The situation was pretty serious as our placement was postponed until it was decided that it should be canceled for safety reasons. I was pretty devastated and disappointed that my dream was ruined. I'd already quit my corporate job, I didn’t have a place to stay anymore, and I was running out on my finances. But I didn’t gave up, no riot is going keep me away from “my journey”. So, the unexpected happened:
In April 2009, WWF International announced they'd found me a 3-month placement in Bangkok, Thailand working for the WWF Greater Mekong Programme, helping them convene a major regional workshop on climate change adaptation, to identify vulnerabilities and develop adaptation strategies for six of WWF's priority conservation sites across the Greater Mekong Landscape using a scenarios based approach. I have a background in Communications and Public Relations and I have a real passion for communication practices which is why I was appointed to help the WWF team there coordinate this event. After just 3 weeks I landed at Suvarnabhumi International Aiport in Bangkok with two pieces of luggage and an excitement that words can barely describe it.
So what did I learn there?This is not a very easy question, as it may seem at a first glance. Sometimes you have the feeling you know everything, while knowing nothing at the same time. Weird huh? First of all I learned that is very difficult living with yourself and by yourself. But if you manage to get along with you and make peace with yourself everything comes naturally afterwards. Living far away from home is not easy, far from friends, your family, your loved ones, basicly living far away from the person you knew were, it’s quite a shock when you realized it. Change is a stress factor that is not easily overcome, but in the same time it allows you to penetrate that dark haze that you didn’t allow to surface while living in “normal” conditions.
I learned that we are not that different as we THINK we are. We are all humans, living on the same planet. We are like a regular family, with different ways of seeing things, but under the same roof, we speak the same language, even though it’s Thai, English or Romanian. I learned that good things come to those who wait. Patience is one attribute that I didn’t quite master before I came to Thailand, I can’t say I’m very patient now, but I realized why it’s sometimes important to have it.
I learned that open dialogue and good will make things happen. It’s remarkable how an apparent bad situation can turn it’s way around once you are willing to accept the other’s point of view and seeing things from his/her perspective. I learned that things don’t happen overnight, over a week, a month or maybe a year, working in conservation and sustainable development. This is about strategic thinking and how you fit the whole puzzle.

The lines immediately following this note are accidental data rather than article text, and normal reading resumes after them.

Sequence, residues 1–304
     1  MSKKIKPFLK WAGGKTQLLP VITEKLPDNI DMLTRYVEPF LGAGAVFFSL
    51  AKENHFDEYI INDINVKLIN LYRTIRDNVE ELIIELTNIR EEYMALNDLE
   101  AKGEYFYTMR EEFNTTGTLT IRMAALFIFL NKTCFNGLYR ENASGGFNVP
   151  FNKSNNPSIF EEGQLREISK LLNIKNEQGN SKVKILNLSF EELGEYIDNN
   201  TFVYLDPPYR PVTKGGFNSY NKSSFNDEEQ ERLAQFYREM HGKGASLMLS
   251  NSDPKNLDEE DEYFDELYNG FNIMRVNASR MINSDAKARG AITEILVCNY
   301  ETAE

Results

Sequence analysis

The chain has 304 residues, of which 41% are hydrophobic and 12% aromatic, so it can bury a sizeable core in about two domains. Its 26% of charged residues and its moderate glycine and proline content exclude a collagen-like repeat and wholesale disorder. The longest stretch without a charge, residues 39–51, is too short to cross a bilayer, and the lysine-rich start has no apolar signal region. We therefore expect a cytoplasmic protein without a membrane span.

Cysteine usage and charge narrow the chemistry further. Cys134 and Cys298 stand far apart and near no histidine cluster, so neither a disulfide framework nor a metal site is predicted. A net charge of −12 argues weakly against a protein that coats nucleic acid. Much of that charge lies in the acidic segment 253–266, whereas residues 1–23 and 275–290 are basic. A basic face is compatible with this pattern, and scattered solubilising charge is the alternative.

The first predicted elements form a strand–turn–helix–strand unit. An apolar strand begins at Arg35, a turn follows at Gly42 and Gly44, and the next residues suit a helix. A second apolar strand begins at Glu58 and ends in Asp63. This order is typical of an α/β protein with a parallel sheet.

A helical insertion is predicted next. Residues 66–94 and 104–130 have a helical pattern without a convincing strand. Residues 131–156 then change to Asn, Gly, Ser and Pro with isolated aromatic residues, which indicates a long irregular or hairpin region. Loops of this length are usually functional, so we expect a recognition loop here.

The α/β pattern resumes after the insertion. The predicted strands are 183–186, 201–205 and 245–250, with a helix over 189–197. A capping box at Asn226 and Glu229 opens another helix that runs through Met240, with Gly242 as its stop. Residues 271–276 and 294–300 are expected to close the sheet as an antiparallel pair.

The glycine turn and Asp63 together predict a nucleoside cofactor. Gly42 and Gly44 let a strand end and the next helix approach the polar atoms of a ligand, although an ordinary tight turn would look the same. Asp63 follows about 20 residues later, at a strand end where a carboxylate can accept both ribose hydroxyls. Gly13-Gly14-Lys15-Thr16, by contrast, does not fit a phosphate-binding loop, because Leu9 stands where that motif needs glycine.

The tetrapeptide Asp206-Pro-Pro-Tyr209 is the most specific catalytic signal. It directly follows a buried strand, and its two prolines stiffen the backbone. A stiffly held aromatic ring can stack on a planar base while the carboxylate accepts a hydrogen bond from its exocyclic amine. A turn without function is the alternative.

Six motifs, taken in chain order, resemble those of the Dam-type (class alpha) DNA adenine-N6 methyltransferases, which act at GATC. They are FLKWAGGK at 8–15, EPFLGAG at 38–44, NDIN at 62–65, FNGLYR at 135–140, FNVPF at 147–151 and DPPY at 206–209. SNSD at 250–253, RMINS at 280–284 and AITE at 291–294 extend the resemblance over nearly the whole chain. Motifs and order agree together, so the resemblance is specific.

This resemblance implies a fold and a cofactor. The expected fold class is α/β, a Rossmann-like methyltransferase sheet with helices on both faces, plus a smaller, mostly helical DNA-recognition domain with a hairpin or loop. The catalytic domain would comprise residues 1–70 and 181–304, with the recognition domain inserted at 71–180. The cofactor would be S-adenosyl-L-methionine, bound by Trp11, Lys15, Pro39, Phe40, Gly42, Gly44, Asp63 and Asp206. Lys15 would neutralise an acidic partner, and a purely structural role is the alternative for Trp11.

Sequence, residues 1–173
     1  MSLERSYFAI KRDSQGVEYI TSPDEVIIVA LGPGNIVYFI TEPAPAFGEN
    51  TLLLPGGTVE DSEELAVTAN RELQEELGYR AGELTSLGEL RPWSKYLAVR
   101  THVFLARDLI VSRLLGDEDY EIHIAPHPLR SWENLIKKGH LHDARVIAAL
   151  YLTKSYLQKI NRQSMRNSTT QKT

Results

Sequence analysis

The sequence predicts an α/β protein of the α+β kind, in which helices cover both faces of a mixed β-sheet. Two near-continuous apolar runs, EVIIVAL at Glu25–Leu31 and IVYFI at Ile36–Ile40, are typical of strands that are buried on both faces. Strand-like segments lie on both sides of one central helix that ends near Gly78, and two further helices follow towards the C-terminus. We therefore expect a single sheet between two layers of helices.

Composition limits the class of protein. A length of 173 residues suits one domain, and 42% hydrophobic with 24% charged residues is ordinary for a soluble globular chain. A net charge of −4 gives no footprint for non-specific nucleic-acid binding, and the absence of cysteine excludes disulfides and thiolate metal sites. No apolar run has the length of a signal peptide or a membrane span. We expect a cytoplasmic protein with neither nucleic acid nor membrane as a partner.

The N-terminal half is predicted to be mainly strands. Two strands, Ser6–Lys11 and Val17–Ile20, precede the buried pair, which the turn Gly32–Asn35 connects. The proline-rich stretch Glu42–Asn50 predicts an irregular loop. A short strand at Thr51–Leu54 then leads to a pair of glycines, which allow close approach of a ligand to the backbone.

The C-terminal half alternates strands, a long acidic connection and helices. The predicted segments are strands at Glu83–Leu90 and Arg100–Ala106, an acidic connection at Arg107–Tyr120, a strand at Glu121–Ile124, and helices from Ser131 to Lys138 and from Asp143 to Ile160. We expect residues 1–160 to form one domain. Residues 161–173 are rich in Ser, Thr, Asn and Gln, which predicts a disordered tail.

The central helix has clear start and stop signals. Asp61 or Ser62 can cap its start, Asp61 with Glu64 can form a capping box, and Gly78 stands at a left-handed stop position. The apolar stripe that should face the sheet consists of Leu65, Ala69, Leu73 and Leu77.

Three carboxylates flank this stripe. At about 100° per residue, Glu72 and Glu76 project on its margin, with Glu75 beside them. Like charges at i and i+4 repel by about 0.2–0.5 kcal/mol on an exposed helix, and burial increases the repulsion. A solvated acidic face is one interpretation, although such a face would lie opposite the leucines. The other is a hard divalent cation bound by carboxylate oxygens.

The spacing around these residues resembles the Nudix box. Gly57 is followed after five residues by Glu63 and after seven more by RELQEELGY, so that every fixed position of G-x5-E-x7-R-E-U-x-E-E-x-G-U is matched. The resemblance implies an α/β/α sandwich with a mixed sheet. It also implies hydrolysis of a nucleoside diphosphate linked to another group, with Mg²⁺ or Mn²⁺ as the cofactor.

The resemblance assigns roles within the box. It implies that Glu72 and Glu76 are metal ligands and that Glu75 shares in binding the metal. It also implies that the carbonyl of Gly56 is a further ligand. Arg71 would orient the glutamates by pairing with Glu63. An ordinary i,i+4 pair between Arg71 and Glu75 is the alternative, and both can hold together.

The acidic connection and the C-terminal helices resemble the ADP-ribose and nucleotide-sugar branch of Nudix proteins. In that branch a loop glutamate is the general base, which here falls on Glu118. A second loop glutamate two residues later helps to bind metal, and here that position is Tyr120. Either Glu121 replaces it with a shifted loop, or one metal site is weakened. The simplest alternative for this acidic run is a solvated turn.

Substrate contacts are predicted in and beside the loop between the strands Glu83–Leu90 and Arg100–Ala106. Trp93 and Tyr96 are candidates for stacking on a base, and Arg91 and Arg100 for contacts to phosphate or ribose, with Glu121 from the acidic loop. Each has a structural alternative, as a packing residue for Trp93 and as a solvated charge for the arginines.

I learned that you need to work hard and have determination in order to achieve good results and why not add a little more on the top of it.
I learned that bringing together six countries to the same table and agree on the same thing (conservation of a natural area of 600,000 km2) is an extremely difficult task, but not impossible. It takes time, diplomacy, willingness and persistence.
I learned that being open-minded, lowering your prejudices, being culturally sensitive and tolerant is the trigger for any social development. And finally I learned more about a beautiful country, with humble and very polite people, with astonishing landscapes and very tasty food. I really miss Tom Yam soup and that delicious fried rice with shrimps!
Open dialogue and good will make things happen.
When you feel suffocated by a situation, by a person or by any circumstances, take a deep breath and do something that you really enjoy. For example, I remember one day in Bangkok when I just felt quite miserable and went out for a walk in beautiful park downtown and started doing some aerobics with the local people. Doing some exercise, listening to music outdoors, really lifted my spirit and recharged my batteries.
Try not to take it so seriously sometimes, and by this I don’t mean not taking your job seriously, but daunting situations that may occur. They came into your life, only to show you something about you. Try to examine them and make the most of it.
Experience as much as you can the local culture. Go out, make friends, eat local food, try not to be so fancy if they serve some dish you never heard of. Manage your time in order to see as many things as you want. Manage your finances. It’s pretty hard when you are on a low budget and have all these things you really want to do. In the end it’s all about setting priorities and to see what’s really important for you and your future.
In the end, but not the least, think of this experience as an investment for yourself. You might want to save the world, but the world starts with you.
Think of this experience as an investment for yourself. You might want to save the world, but the world starts with you.